Fatuma Kender works as field nurse for UNICEF’s mobile health and nutrition team, providing immunization services for underprivileged young children. Photo by: Tsegaye / UNICEF Ethiopia / CC BY-NC-ND

Why would a global corporation reinvest 20 percent of its profits from developing countries back into training health workers? It’s simple. Health workers are the driver of health systems. But according to the World Health Organization, there is an acute shortfall of 7.2 million health workers worldwide. This gap, most keenly felt in low-income countries, will only be plugged if we invest in programs that get more feet on the ground now and in the future.

Front-line health workers are the backbone of healthy, prosperous communities and nations. They provide accessible, essential care in even the most hard-to-reach areas — as the Ebola outbreak so starkly illustrates. But there are simply not enough of them. In Tanzania, for example, only 50 percent of pregnant women are assisted during childbirth by a doctor or other trained health worker. The lifetime risk of death in pregnancy or childbirth is one in 23.

Swelling the ranks of trained health workers requires radical, innovative ideas. That’s why five years ago, health care company GlaxoSmithKline decided to reinvest 20 percent of its profits from least developed countries back into strengthening their health systems — primarily through training health workers. This is implemented with three partner NGOs — Amref Health Africa, CARE International and Save the Children. Thus far, the program operates in 34 countries, has trained more than 25,000 health workers and reached more than 6 million people.

For Amref Health Africa and GSK, this marks the latest evolution in a long-term relationship. More than 25 years ago, we together distributed a raft of bed nets to communities at grave risk of malaria. A quarter of a century later, our relationship has radically evolved from philanthropic beginnings into a partnership that is integral to both our organizations’ business models.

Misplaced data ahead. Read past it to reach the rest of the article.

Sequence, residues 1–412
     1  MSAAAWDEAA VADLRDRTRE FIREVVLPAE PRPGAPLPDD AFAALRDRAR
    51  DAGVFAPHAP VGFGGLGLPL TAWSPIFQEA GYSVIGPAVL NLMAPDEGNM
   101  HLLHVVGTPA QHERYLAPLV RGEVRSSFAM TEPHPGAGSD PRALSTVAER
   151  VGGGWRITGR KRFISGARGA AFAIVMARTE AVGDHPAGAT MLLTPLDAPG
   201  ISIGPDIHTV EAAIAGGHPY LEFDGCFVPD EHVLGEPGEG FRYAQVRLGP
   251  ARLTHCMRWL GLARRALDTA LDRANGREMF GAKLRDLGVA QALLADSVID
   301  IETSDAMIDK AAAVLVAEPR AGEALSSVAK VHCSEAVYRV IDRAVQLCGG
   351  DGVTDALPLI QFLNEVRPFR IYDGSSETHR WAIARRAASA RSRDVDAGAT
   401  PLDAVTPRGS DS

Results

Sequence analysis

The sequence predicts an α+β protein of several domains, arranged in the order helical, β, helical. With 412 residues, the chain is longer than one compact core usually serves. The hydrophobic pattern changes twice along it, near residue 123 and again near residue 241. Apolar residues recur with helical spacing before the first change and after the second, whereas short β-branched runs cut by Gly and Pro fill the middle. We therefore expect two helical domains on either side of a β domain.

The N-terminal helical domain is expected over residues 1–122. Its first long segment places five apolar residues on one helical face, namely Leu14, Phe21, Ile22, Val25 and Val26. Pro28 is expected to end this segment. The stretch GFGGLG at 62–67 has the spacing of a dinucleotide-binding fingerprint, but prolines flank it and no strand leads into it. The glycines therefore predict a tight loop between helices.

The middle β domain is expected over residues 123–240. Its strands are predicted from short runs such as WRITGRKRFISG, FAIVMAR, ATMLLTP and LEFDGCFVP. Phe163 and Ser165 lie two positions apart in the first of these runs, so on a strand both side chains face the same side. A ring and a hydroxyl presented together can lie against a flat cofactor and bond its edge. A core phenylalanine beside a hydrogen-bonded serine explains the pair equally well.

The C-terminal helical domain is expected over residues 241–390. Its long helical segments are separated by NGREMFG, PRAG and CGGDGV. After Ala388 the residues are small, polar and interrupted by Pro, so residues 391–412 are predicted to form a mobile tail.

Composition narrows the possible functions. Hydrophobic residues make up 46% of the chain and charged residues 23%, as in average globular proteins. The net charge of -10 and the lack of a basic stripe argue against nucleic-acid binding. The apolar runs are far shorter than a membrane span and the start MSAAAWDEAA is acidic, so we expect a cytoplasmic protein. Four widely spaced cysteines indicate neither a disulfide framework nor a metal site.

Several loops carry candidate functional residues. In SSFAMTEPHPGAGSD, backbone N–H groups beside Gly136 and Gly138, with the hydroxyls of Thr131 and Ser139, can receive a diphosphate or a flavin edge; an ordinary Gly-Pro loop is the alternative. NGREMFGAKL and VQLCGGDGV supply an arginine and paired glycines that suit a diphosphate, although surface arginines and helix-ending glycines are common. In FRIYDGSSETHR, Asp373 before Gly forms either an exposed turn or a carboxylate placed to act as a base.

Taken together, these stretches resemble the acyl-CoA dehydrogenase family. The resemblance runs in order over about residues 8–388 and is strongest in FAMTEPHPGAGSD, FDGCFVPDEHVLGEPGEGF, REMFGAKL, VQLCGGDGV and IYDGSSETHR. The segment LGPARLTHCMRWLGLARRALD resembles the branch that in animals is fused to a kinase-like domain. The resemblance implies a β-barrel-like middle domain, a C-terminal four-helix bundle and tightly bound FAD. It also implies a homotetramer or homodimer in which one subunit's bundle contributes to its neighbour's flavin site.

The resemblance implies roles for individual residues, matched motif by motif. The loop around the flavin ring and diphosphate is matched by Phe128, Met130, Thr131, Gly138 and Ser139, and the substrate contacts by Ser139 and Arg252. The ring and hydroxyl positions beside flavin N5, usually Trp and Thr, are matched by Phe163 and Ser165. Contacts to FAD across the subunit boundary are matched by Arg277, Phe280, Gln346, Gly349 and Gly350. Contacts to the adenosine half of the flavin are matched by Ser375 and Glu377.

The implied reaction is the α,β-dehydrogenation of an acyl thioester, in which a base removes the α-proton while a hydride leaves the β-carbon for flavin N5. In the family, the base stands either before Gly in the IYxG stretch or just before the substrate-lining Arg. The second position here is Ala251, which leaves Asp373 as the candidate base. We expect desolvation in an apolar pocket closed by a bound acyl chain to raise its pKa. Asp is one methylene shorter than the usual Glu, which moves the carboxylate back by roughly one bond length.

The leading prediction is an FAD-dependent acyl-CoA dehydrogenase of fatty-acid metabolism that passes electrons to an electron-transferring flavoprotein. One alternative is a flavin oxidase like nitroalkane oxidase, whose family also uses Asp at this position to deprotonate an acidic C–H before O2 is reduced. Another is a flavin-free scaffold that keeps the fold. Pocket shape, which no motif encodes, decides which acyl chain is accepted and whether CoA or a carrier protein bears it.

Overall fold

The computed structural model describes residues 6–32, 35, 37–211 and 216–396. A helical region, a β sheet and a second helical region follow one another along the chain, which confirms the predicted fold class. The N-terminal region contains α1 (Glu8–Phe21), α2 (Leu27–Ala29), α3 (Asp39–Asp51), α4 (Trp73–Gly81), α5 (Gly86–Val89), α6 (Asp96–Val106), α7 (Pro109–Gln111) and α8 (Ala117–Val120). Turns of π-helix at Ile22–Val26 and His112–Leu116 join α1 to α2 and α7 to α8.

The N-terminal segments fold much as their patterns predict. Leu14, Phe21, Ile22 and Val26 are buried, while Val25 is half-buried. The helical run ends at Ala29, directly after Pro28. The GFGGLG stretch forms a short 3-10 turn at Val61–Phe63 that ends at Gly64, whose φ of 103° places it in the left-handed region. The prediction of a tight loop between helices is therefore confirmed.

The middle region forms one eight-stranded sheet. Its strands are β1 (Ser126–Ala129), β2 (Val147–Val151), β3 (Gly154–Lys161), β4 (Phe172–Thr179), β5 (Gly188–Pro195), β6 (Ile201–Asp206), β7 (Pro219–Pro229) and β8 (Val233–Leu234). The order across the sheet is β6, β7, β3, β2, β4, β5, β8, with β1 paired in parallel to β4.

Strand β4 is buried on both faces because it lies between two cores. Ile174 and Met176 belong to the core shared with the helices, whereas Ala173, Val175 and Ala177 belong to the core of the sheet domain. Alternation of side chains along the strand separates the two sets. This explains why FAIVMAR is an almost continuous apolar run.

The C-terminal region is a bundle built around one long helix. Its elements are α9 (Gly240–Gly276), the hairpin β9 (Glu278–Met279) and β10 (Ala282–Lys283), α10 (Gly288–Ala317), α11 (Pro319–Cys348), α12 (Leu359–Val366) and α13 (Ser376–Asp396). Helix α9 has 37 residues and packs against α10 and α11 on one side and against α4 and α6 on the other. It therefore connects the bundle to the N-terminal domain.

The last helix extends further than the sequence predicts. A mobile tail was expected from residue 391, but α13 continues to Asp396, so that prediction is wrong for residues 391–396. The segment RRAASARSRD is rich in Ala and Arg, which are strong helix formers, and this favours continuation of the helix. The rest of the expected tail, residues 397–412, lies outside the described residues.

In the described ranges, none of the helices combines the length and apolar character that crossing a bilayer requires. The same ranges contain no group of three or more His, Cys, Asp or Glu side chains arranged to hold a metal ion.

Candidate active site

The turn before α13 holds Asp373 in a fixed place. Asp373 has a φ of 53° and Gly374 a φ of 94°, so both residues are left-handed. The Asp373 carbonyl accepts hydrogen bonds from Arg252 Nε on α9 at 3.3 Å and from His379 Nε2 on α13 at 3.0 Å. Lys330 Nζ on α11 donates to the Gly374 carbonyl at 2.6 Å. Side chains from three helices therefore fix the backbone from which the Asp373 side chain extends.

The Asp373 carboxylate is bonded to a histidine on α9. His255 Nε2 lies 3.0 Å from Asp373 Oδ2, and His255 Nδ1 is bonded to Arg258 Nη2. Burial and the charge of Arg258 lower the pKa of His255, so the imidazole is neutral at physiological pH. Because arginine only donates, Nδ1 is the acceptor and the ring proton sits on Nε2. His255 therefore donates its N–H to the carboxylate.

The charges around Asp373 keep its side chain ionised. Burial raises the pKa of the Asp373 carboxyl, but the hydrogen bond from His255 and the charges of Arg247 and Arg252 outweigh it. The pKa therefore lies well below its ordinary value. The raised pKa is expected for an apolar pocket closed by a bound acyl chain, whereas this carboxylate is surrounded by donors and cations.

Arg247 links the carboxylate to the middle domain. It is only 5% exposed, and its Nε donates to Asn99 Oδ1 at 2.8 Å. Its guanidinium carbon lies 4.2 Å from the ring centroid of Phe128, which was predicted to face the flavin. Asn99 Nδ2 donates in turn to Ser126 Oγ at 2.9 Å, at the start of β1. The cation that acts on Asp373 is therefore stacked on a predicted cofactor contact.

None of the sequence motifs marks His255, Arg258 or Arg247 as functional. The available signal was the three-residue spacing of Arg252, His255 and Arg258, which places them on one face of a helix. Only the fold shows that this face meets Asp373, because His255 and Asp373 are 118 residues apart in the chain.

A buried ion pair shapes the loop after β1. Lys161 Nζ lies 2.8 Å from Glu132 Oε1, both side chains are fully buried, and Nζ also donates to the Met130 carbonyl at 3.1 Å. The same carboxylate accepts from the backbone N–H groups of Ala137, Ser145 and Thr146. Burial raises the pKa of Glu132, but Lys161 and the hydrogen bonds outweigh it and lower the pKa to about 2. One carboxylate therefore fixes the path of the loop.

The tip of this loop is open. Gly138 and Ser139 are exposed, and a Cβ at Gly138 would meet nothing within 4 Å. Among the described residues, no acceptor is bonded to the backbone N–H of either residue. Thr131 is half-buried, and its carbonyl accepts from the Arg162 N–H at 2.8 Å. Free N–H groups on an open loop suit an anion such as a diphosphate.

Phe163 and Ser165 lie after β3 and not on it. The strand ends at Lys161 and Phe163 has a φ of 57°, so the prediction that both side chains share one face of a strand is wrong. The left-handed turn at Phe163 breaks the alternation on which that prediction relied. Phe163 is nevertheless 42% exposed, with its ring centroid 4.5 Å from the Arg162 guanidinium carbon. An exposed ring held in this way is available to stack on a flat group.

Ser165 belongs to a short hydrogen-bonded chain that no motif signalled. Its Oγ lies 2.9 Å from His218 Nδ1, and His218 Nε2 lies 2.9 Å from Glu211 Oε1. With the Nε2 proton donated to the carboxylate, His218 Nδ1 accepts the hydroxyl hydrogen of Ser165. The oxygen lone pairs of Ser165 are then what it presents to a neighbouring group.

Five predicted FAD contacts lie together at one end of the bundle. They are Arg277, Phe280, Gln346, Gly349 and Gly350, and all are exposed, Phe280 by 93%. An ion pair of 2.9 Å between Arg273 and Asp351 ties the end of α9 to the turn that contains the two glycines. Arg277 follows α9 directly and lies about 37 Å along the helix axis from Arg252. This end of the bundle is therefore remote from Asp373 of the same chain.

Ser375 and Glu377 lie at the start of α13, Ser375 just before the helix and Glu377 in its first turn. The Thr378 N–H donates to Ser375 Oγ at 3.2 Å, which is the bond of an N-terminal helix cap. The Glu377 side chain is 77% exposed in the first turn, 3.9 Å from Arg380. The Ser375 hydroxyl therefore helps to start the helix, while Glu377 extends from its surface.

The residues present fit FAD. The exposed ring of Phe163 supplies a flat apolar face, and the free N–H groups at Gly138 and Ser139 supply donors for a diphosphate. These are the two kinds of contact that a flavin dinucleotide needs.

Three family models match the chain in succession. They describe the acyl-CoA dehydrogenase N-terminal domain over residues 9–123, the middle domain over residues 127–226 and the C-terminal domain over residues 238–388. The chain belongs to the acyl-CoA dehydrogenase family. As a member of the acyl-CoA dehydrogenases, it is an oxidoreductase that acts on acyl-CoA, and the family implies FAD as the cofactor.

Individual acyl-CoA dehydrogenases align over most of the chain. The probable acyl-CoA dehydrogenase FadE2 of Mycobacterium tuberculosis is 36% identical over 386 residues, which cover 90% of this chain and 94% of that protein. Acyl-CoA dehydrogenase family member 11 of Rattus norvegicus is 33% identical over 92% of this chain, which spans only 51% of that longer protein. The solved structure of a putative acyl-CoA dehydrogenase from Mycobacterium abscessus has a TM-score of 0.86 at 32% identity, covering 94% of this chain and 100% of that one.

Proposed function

Together we have worked on areas ranging from malaria to HIV and sanitation, like creating the personal hygiene and sanitation education program in Kenya to teach children about the importance of hand-washing, which now reaches 1.5 million children in 16 countries.

Teaming up to train health workers is the latest iteration in a partnership that has had to respond to increasingly complex health challenges, which require organizations to collaborate in innovative ways.

Investing in health workers makes sense for all of us. Strengthening health systems should — over time — improve access to quality care that helps people stay well. That in turn can bolster these countries’ economic development. Not only does this create a better environment for business, but also for individuals, government and civil society.

Working with a corporate partner who recycles profits with a clear objective in mind gives charities the stability and visibility they need to develop sustainable initiatives. Amref Health Africa and the two other partners receive funds annually based on one-fifth of country profits, enabling them to design and deliver programs. These are typically one to three years long and have capacity to absorb additional funds if these become available in subsequent years.